The year-round food habits of lynx were studied using radio-telemetry and snow-tracking in the boreal forest of southeastern Norway. The main objectives of the study were to clarify the importance of domestic sheep and small prey species in the diet of lynx in an area with a very low density of roe deer. During the period 1995–1999, we found 193 scats and 358 kills made by lynx. Our results indicate that roe deer were the most common prey species (contributing to 83 and 34% of the biomass consumed in winter and summer, respectively), although a wide range of other species were also found, including mountain hares, tetranoids, red foxes, domestic sheep, wild reindeer, and even moose. Most of the diet was obtained by predation, although we did document several cases of scavenging. Roe deer were more important in the diet in winter than in summer, perhaps because they were easier to locate in winter as they clustered around feeding sites. In summer, domestic sheep and small prey increased in importance. Despite the very low density of roe deer in this study area, lynx seemed to still specialise on them, although domestic sheep did constitute a significant amount to their diet, especially for males and yearlings. However, the contribution of sheep to summer diet was far from that expected if their relative density was considered.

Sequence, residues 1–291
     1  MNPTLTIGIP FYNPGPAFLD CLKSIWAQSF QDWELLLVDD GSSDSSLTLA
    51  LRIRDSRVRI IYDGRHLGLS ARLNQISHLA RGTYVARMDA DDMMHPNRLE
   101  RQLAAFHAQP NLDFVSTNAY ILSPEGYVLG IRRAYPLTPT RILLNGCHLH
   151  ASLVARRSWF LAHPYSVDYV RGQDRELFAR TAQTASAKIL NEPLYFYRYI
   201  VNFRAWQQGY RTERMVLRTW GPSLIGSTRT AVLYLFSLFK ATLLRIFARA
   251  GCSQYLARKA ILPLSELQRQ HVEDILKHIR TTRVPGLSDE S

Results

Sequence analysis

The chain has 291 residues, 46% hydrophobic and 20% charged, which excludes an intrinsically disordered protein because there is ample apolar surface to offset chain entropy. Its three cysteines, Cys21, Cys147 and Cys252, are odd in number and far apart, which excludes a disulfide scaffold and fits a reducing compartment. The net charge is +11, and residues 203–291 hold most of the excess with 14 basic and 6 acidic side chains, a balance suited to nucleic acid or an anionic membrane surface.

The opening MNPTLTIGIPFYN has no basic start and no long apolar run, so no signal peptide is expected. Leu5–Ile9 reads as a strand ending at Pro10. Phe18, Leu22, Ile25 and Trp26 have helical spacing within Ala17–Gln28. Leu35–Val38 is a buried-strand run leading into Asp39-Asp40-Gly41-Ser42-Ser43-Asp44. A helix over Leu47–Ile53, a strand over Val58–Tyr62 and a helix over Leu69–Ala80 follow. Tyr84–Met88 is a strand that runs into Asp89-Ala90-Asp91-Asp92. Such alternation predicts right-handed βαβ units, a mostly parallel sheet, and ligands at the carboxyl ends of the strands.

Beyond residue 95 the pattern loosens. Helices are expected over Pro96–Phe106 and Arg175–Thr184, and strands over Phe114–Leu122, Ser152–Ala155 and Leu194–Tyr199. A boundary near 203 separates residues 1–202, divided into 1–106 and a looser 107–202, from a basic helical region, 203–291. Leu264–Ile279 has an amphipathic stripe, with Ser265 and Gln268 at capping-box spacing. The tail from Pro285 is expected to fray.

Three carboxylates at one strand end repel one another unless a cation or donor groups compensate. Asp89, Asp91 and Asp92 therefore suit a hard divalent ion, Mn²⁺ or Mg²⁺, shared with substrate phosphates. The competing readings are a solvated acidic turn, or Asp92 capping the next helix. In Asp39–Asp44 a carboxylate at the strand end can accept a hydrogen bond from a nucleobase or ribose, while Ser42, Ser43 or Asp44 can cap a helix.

European Journal of Wildlife Research – Springer Journals
Published: Jul 4, 2006
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